Before there was a State of Israel, there was Birobidzhan, Russia. In the late 1920s, the international Jewish community, eager to create a national homeland under the still-unsullied Soviet banner of social justice, sent money and volunteers to Birobidzhan. The people and the dreams that they brought with them are hardly remembered now.
Birobidzhan has come full circle since the days when it attracted thousands of Jewish settlers from the Ukraine and Belarus. Seven huge factories built during the Stalin era transformed Birobidzhan from a vibrant center of Yiddish culture to a cog in the Soviet industrial machine. Now, they're bankrupt. And market capitalism's promises, made by Moscow reformers, have gone unfulfilled in this backwater. In increasing numbers, the Jews that have remained in this city see their future in Israel.
Birobidzhan, population 75,000, is one of the last stops eastward along the trans-Siberian railroad. If not for the fact that its name is written in oversize Hebrew characters on top of the station house, there would be little to show that this provincial factory town existed for 60 years as the official homeland of Soviet Jews.
Jews still here today say that the sign above the railway station is practically the only Jewish thing left in Birobidzhan. Thousands of Jews have left this small Russian city for Israel in the past six years. Last year, nearly one-tenth of all Jewish emigres from the former Soviet Union were from Birobidzhan.
Ironically, Birobidzhan Jews had come to feel at home in this remote corner of Russia in a way that many of their counterparts in European Russia never did.
"In the Far East, it is easier," says Mark Miller, a former factory boss who now lives in the neighboring city of Khabarovsk. "It is not Ukraine or Belarus ... where people have blood ties to the land. Everybody here is from someplace else, so the Jews are not imposing on anybody." When the first waves of Soviet emigres left for Israel in the 1970s, most here decided to stay put.
'People are running away'
"I'm skeptical that everybody is leaving now because they dream of being united with their historical motherland," says Ina Dmitrienko, the editor of Birobidzhan's Yiddish-language daily. "People are running away from their problems. Confidence in the future is almost completely absent here ... although things in Israel are hardly any better at the moment. They have everything we do - the army, the draft, and terrorists to boot."
Even so, the line for Israeli immigration visas is not getting any shorter at the city's Palace of Culture. A makeshift Israeli consulate set up there once a month handles a flood of applications. By official figures, there were only 9,000 Jews in Birobidzhan in 1989. Since 7,500 have left since then, 1,500 Jews should be in the city today.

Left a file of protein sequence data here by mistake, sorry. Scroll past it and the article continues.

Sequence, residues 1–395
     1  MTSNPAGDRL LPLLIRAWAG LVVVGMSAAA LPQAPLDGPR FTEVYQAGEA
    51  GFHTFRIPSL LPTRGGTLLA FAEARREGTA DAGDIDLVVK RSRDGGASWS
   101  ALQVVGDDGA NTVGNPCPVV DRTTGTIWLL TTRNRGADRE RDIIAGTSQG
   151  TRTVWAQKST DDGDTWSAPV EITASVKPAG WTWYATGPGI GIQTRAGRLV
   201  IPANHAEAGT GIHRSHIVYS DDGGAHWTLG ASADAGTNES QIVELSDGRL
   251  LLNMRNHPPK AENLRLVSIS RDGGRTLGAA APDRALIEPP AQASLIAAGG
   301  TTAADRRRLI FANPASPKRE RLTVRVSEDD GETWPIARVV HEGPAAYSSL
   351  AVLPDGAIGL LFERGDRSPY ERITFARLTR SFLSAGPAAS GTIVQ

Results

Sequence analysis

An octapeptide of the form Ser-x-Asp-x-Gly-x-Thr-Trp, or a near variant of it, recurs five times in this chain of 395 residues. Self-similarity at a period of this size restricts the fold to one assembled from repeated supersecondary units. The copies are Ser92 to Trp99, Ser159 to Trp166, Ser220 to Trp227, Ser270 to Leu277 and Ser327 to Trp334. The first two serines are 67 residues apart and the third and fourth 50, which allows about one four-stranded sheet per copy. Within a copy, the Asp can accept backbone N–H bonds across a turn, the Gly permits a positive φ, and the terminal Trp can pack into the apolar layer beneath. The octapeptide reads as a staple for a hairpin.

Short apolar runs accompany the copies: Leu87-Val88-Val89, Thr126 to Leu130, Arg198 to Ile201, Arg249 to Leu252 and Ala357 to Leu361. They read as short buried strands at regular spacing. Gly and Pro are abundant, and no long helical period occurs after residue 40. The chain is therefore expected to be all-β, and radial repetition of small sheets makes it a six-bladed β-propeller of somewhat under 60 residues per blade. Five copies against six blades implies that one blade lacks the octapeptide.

But with hard times, many people have begun to take a closer look at their family background. "The more Jews that leave, the more Jews that remain," says David Weisserman, a city official who recently wrote a book on Birobidzhan's history and keeps statistics on Jewish emigration. He estimates that 20 percent of Birobidzhan's population is made up of assimilated Jews.
"For years after Stalin purged the Jews [1949 to 1953] people tried to avoid registering their nationality as Jewish," he says. "But now when it is a way of getting out, everybody is remembering that they are Jewish."
"To tell you the truth, I don't know why Israel needs those kinds of Jews," says a retired teacher, voicing a common sentiment of the stay-put crowd. "First the real Jews left, then people who were half-Jewish, and now the people who are one-quarter Jewish. Most of these people never had a Jewish thought in their head until they thought about leaving."
Charter flights direct to Tel Aviv
But Arkady Gelftman, who works for the repatriation agency Sokhnut in Khabarovsk, sees the issue differently. "I don't think that all of the Jews who left Europe after World War II were Zionists," he says.
Every two weeks, Mr. Gelftman escorts over 100 Jewish emigres to Khabarovsk's international airport and puts them on a charter flight to Tel Aviv. He estimates that 70 percent of those leaving are from Birobidzhan, with the remainder from other nearby factory towns.
When asked their reasons for leaving, most cite economic opportunity: for the unemployed, a steady job; for the elderly, a pension; for the young, an education and the chance to use it. But underneath the dreams of prosperity, there is a basic desire to have confidence in the future - something which is in painfully short supply in Russia these days.
Many Jews worry that a shift in Moscow's political climate after the June presidential elections would be felt in the Russian Far East, traditionally a friendlier place for Russian Jews. "If [presidential candidate Gennady] Zyuganov and the Communists win the election, that's it!" says Natasha, a young seamstress who left recently for Tel Aviv. "Again there will be all the accusations, and it will turn out that we're guilty of everything."
The guarantee of basic social and economic security that Israel offers acts like a powerful magnet, even on those who want to stay here to try to restore a measure of Birobidzhan's former cultural vitality. "I want to say that if the economic situation improves, Jewish culture here won't just survive, but flourish," Jewish editor Dmitrienko insists. "The people who are leaving aren't leaving because they want to, but because they have to."
But she admits that circumstances might force her to consider emigration. "I don't know," she says, "maybe I will need to leave. A lot depends on what will happen with the economy and politics.... Then I'll see whether I still want to live in this country."